Some of the rationing requirements are easily understandable — such as gasoline and other fuel along with foods (including sugar, meats, cheese). Others — like rations on typewriters, bicycles and rubber footwear — were not as obvious.
A complex system of rationing, administered by the US Office of Price Administration (OPA), was put in place with stamps, ration booklets and some other similar systems. During the time of war, men, women and children all had to manage with hard-set limits on certain resources.
Here are some of the stamps and booklets they were using across the United States during the early ’40s.
United States of America War ration book 1
1. Punishments ranging as high as Ten Years’ Imprisonment or $10,000 Fine, or Both, may be imposed under United States Statutes for violations thereof arising out of infractions of Rationing Orders and Regulations.
2. This book must not be transferred. It must be held and used only by or on behalf of the person to whom it has been issued, and anyone presenting it thereby represents to the Office of Price Administration, an agency of the United States Government, that it is being so held and so used. For any misuse of this book it may be taken from the holder by the Office of Price Administration.
3. In the event either of the departure from the United States of the person to whom this book is issued, or his or her death, the book must be surrendered in accordance with the Regulations.
4. Any person finding a lost book must deliver it promptly to the nearest Ration Board.
OFFICE OF PRICE ADMINISTRATION
The Stamps contained in this Book are valid only after the lawful holder of this Book has signed the certificate below, and are void if detached contrary to the Regulations. (A father, mother, or guardian may sign the name of a person under 18.) In case of questions, difficulties, or complaints, consult your local Ration Board.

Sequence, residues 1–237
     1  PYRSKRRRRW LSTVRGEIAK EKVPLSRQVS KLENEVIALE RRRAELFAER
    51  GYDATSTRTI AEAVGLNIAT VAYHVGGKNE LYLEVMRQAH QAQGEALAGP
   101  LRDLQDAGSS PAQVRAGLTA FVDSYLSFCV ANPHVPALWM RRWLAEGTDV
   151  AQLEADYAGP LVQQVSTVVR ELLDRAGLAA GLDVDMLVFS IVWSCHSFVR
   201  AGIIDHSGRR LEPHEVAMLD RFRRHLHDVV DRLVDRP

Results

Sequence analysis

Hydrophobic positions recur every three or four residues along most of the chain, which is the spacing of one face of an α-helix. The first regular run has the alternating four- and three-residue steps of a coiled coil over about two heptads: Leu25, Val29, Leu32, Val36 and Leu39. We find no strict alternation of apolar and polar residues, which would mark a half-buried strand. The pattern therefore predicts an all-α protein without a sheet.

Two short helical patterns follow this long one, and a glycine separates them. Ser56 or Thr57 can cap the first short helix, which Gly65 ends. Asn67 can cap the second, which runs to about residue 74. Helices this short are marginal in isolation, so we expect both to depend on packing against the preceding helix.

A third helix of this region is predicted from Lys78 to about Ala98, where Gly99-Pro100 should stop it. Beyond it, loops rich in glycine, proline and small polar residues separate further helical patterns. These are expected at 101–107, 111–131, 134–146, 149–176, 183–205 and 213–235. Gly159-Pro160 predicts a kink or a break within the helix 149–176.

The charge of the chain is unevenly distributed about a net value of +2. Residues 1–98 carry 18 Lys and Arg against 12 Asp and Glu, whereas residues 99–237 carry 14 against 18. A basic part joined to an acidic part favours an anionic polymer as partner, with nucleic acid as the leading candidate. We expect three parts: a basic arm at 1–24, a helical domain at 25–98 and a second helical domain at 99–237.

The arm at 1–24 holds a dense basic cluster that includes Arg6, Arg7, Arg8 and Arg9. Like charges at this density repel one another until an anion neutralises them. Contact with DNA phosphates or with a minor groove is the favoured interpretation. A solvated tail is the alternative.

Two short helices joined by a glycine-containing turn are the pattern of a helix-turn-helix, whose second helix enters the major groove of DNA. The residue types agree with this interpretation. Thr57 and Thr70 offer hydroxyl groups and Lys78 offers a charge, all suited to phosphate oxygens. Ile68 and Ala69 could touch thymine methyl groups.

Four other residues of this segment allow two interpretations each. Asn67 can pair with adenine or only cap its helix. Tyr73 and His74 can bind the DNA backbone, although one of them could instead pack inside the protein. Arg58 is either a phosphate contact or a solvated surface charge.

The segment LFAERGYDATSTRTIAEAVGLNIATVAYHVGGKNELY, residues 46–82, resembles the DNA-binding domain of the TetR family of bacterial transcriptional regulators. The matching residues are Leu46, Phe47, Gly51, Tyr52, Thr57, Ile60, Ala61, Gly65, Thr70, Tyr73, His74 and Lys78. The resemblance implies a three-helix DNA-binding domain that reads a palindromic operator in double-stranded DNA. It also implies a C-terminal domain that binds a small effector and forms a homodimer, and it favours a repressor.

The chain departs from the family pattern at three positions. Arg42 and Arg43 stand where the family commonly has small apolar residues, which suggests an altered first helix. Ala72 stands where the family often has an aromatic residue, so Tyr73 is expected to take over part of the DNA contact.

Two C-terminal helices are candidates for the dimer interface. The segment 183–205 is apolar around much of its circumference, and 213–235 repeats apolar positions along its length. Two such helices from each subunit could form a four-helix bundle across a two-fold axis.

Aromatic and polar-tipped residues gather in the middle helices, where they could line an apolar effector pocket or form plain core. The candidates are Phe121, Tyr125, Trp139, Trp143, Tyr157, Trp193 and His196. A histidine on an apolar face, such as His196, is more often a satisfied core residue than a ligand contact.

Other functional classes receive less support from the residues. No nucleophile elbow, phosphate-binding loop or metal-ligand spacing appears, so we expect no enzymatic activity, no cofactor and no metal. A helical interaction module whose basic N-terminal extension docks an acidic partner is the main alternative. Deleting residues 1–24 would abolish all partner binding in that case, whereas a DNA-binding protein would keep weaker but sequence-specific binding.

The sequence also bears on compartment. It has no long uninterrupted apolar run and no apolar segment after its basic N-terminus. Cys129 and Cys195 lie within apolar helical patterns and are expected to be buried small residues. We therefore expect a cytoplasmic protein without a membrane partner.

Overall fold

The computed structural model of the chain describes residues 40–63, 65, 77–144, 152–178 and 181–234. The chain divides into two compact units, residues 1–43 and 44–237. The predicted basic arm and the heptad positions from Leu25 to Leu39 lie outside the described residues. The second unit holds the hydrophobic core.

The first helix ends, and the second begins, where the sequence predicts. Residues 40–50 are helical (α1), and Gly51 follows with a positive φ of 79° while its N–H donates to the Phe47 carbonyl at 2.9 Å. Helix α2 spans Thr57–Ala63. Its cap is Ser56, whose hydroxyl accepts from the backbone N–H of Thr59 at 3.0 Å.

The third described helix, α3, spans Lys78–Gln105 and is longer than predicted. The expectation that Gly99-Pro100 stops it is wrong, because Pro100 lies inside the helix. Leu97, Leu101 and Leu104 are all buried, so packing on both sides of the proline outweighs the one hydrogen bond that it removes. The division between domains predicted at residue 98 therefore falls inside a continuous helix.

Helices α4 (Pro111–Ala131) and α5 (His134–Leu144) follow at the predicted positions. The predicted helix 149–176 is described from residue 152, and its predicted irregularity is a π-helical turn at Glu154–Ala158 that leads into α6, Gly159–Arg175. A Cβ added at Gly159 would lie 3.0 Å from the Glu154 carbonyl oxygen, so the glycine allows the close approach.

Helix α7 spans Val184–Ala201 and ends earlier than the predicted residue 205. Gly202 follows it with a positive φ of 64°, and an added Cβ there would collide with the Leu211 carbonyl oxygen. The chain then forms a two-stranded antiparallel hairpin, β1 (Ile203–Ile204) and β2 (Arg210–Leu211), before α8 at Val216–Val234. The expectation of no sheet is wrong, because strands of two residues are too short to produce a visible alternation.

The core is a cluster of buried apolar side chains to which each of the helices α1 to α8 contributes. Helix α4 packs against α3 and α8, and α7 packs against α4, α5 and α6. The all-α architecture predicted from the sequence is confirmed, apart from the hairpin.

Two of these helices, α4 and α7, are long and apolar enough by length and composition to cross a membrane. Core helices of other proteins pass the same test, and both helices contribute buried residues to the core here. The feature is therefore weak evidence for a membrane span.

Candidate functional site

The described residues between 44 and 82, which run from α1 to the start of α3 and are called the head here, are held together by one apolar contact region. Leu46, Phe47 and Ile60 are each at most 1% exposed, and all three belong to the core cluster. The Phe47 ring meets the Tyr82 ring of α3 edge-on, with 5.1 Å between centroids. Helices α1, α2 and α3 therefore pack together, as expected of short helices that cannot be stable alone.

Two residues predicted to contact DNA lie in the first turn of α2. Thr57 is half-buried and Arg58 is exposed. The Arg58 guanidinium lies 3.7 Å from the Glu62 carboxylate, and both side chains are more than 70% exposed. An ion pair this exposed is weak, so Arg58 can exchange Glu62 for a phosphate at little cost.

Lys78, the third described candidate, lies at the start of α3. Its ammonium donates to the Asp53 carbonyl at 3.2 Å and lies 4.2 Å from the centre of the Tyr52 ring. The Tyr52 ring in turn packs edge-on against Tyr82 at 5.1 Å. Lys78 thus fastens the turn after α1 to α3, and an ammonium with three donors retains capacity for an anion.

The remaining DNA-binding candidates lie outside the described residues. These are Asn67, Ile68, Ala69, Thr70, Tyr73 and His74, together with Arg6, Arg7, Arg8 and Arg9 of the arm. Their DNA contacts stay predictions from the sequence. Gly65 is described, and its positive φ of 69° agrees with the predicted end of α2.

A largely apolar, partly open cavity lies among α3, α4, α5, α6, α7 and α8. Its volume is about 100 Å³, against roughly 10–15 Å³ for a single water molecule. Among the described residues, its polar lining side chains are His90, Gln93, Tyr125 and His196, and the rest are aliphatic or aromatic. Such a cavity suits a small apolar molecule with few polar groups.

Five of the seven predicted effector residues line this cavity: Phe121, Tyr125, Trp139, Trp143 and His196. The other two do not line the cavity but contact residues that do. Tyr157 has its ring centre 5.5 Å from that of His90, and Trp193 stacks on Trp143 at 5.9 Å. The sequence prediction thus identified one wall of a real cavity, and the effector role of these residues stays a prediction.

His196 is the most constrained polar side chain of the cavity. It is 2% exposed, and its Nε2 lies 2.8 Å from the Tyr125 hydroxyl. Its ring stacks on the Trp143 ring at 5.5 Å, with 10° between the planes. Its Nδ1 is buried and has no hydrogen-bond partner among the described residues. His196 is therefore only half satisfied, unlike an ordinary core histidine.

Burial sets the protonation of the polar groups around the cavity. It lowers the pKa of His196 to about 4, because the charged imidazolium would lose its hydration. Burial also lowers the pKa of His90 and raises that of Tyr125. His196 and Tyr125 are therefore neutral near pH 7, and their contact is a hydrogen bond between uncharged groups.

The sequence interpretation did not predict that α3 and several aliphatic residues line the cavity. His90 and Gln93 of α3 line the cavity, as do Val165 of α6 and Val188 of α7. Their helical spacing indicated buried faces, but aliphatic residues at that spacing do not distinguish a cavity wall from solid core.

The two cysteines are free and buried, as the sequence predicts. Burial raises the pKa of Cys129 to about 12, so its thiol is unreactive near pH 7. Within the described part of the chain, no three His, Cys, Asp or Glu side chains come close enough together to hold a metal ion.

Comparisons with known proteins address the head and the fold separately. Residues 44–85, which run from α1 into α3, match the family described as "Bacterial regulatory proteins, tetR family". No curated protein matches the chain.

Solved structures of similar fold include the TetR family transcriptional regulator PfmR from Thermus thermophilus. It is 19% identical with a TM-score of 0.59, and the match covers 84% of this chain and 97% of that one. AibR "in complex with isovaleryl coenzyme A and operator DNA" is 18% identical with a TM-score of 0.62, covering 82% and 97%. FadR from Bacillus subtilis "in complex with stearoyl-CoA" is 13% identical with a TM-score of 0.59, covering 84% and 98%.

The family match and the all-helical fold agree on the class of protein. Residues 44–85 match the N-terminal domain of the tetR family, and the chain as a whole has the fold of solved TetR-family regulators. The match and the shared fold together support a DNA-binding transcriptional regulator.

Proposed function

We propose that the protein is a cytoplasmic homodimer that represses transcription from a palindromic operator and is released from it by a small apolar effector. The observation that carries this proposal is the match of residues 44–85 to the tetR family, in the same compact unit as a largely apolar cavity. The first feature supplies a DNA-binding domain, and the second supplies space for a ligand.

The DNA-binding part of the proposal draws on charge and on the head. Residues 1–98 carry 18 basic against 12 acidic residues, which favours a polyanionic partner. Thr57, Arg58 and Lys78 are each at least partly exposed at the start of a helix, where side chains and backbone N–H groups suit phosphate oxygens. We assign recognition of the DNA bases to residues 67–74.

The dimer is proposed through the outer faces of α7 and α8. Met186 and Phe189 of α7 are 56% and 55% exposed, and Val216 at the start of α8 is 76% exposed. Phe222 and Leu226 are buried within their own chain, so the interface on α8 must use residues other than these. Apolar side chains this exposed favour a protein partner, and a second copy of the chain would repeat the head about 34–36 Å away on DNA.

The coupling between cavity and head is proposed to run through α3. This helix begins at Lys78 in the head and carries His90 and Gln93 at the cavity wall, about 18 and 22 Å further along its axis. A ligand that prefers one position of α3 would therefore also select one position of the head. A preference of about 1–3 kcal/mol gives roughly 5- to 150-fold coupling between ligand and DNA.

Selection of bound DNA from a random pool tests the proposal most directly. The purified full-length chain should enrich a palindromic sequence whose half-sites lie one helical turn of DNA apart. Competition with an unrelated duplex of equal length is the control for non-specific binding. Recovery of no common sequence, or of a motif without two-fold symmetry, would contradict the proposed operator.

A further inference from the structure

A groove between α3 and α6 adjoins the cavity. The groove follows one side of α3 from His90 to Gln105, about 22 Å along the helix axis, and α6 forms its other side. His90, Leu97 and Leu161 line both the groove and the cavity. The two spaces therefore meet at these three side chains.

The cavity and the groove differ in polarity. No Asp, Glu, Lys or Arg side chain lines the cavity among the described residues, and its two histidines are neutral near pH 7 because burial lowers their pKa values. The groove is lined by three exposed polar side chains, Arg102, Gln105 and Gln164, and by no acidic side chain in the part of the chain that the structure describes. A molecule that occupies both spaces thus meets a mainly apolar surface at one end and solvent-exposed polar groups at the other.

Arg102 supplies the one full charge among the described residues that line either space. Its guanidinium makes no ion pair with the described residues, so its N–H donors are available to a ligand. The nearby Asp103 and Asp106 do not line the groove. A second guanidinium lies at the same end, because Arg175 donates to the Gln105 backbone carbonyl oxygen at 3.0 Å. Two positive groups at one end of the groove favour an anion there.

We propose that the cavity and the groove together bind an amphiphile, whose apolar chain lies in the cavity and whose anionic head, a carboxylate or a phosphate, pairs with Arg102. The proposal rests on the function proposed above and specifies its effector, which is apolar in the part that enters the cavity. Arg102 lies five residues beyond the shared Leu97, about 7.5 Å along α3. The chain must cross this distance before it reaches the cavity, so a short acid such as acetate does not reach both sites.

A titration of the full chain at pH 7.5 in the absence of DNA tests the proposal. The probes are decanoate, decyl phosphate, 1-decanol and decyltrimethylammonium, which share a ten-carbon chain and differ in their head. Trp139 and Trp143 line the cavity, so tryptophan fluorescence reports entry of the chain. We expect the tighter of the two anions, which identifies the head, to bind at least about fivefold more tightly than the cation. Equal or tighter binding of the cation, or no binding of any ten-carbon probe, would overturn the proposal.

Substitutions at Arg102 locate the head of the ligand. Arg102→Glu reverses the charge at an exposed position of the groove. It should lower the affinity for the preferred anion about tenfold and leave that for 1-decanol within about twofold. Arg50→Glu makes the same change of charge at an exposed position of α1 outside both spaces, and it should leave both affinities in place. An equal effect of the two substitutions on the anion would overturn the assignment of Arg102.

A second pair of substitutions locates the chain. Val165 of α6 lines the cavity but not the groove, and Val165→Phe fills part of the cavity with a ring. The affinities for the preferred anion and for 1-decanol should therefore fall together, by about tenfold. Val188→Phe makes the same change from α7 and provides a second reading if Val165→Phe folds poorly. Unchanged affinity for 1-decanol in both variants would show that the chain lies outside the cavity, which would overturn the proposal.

Certificate of Book Holder
I, the undersigned, do hereby certify that I have observed all the conditions and regulations governing the issuance of this War Ration Book; that the “Description of Book Holder” contained herein is correct; that an application for . issuance of this book has been duly made by me or on my behalf; and that the statements contained in said application are true to the best of my knowledge and belief.
Certificate of Registrar
War Ration Book Four
United States of America Office of Price Administration
Read before signing: In accepting this book, I recognize that it remains the property of the United States Government. I will use it only in the manner and for the purposes authorized by the Office of Price Administration.
Void if altered / It is a criminal offense to violate rationing regulations
(OPA Form R-145)
Never buy rationed goods without ration stamps.
Never pay more than the legal price.
Important: When you have used your ration, salvage the TIN CANS and WASTE FATS. They are needed to make munitions for our fighting men. Cooperate with your local Salvage Committee.
WWII rationing: Special sugar coupon
“I certify that this five pound sugar coupon will be used for home canning or preserving purposes only.”